Bavel

Ancient Remains in Babylon

Ancient remains in Bavel

Synonyms:
Babylon, ba-VEL, בָּבֶל
Babylon (Wikipedia)
For other uses, see Babylon (disambiguation).
Babylon
بابل
From the foot of Saddam Hussein's summer palace a Humvee is seen driving down a road towards the left. Palm trees grow near the road and the ruins of Babylon can be seen in the background.
A partial view of the ruins of Babylon from Saddam Hussein's Summer Palace
Babylon lies in the center of Iraq
Babylon lies in the center of Iraq
Shown within Iraq
Alternate name Akkadian: 𒆍𒀭𒊏𒆠, Bābili(m)
Sumerian: 𒆍𒀭𒊏𒆠, KÁ.DINGIR.RAKI
Hebrew: בָּבֶל‎‎, Bavel
Greek: Βαβυλών, Babylṓn
Old Persian: 𐎲𐎠𐎲𐎡𐎽𐎢, Bābiru
Kassite language: Karanduniash
Location Hillah, Babil Governorate, Iraq
Region Mesopotamia
Coordinates 32°32′11″N 44°25′15″E / 32.53639°N 44.42083°E / 32.53639; 44.42083Coordinates: 32°32′11″N 44°25′15″E / 32.53639°N 44.42083°E / 32.53639; 44.42083
Type Settlement
Area 9 km2 (3.5 sq mi)
History
Builder Amorites
Founded 2300 BC
Abandoned 141 BC
Site notes
Condition Ruined
Ownership Public
Public access Yes

Babylon (𒆍𒀭𒊏𒆠 Akkadian: Bābili or Babilim; Aramaic: בבל, Babel, Hebrew: בָּבֶל‎‎, Bavel, Arabic: بابل‎‎, Bābil) was a major city of ancient Mesopotamia in the fertile plain between the Tigris and Euphrates rivers. The city was built upon the Euphrates and divided in equal parts along its left and right banks, with steep embankments to contain the river's seasonal floods. Babylon was originally a small Semitic Akkadian city dating from the period of the Akkadian Empire c. 2300 BC.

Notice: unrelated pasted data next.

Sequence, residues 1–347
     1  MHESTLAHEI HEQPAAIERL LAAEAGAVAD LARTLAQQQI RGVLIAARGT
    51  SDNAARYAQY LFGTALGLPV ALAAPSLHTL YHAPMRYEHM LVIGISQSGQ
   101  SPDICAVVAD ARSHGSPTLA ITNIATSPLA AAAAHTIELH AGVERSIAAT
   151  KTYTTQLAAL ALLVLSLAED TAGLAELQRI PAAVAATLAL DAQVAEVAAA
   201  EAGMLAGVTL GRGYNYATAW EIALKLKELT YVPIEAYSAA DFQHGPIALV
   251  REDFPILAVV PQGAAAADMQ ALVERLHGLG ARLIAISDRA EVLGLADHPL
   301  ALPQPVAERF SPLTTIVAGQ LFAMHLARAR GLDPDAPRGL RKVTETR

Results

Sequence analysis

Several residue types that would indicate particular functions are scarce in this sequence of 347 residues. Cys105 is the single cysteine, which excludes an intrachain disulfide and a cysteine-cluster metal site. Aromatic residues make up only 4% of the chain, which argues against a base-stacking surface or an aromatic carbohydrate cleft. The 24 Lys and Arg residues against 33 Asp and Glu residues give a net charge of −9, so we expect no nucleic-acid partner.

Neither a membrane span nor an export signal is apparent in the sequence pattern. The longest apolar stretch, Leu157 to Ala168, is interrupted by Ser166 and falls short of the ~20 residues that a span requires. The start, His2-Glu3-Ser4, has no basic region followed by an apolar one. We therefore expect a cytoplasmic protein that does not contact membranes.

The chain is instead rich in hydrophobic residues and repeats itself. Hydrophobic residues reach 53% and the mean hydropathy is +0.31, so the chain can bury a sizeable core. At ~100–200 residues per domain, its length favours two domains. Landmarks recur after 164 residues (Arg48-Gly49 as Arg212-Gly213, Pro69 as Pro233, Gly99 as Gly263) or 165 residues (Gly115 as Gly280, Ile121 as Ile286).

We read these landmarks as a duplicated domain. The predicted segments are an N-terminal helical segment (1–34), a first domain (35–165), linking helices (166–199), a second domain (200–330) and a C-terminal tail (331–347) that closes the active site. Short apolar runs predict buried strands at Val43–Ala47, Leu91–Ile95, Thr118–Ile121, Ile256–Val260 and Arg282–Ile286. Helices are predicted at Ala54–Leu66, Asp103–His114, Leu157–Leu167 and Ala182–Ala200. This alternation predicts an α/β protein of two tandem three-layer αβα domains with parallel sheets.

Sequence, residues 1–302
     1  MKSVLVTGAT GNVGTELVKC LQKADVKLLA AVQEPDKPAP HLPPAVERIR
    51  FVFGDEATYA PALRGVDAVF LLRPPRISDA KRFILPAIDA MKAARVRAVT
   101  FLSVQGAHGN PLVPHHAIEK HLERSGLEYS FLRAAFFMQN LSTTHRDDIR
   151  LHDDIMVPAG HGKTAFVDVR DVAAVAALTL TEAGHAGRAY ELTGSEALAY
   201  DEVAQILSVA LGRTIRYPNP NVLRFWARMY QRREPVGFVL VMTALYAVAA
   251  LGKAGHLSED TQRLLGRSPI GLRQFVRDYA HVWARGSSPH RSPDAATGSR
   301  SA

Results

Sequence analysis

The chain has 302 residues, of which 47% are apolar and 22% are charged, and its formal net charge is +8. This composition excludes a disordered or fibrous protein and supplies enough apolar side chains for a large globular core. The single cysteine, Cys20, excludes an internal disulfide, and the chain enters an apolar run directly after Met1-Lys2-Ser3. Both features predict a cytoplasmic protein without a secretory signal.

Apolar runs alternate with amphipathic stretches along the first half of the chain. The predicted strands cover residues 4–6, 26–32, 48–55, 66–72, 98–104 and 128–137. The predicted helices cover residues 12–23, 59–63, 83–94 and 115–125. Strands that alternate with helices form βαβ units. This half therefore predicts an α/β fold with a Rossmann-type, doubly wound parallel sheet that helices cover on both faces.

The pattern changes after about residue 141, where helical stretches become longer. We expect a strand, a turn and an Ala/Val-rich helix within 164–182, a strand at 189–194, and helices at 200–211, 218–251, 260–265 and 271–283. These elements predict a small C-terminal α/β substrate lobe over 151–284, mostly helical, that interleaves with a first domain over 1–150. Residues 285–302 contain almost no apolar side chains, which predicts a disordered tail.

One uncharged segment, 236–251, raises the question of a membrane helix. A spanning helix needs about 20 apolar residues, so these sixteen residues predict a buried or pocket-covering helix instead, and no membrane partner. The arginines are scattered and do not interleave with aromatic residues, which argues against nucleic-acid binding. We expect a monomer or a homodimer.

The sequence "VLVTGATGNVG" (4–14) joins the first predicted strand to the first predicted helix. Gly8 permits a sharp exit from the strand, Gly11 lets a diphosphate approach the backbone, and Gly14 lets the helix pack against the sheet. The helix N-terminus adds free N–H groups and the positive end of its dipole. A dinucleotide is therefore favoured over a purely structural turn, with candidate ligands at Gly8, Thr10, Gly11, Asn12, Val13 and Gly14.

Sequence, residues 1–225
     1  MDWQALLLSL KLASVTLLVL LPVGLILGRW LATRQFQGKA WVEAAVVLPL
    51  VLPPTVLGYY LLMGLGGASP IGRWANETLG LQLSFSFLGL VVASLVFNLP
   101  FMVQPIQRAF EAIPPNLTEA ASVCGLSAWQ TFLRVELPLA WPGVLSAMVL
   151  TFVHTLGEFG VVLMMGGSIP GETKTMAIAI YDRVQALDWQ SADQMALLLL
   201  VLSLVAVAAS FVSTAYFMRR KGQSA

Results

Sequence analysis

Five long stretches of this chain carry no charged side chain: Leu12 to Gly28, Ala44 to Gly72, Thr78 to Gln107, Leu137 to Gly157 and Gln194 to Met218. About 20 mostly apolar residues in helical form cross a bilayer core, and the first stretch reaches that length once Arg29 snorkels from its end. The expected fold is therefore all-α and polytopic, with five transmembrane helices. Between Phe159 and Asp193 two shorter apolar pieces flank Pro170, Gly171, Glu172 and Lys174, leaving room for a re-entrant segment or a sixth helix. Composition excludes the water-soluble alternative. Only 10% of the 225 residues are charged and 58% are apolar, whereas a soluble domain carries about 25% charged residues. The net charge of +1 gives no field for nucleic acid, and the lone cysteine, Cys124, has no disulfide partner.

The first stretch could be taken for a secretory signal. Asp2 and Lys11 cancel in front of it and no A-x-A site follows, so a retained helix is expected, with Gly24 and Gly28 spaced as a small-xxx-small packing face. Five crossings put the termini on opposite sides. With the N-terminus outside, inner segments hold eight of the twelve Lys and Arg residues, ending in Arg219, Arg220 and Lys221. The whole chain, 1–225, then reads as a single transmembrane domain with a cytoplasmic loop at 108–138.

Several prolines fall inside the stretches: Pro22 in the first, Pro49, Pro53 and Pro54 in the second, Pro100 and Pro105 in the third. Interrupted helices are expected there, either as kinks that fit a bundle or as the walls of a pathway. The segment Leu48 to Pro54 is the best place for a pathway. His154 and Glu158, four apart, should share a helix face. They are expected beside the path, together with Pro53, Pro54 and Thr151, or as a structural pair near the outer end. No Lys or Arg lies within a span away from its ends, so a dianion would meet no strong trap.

The town attained independence as part of a small city-state with the rise of the First Amorite Babylonian Dynasty in 1894 BC. Claiming to be the successor of the more ancient Sumero-Akkadian city of Eridu, Babylon eclipsed Nippur as the "holy city" of Mesopotamia around the time Amorite king Hammurabi created the first short lived Babylonian Empire in the 18th century BC. Babylon grew and South Mesopotamia came to be known as Babylonia.

The empire quickly dissolved after Hammurabi's death and Babylon spent long periods under Assyrian, Kassite and Elamite domination. After being destroyed and then rebuilt by the Assyrians, Babylon became the capital of the Neo-Babylonian Empire from 609 to 539 BC. The Hanging Gardens of Babylon was one of the Seven Wonders of the Ancient World. After the fall of the Neo-Babylonian Empire, the city came under the rule of the Achaemenid, Seleucid, Parthian, Roman, and Sassanid empires.

It has been estimated that Babylon was the largest city in the world from c. 1770 to 1670 BC, and again between c. 612 and 320 BC. It was perhaps the first city to reach a population above 200,000. Estimates for the maximum extent of its area range from 890 to 900 hectares (2,200 acres). The remains of the city are in present-day Hillah, Babil Governorate, Iraq, about 85 kilometres (53 mi) south of Baghdad, comprising a large tell of broken mud-brick buildings and debris.

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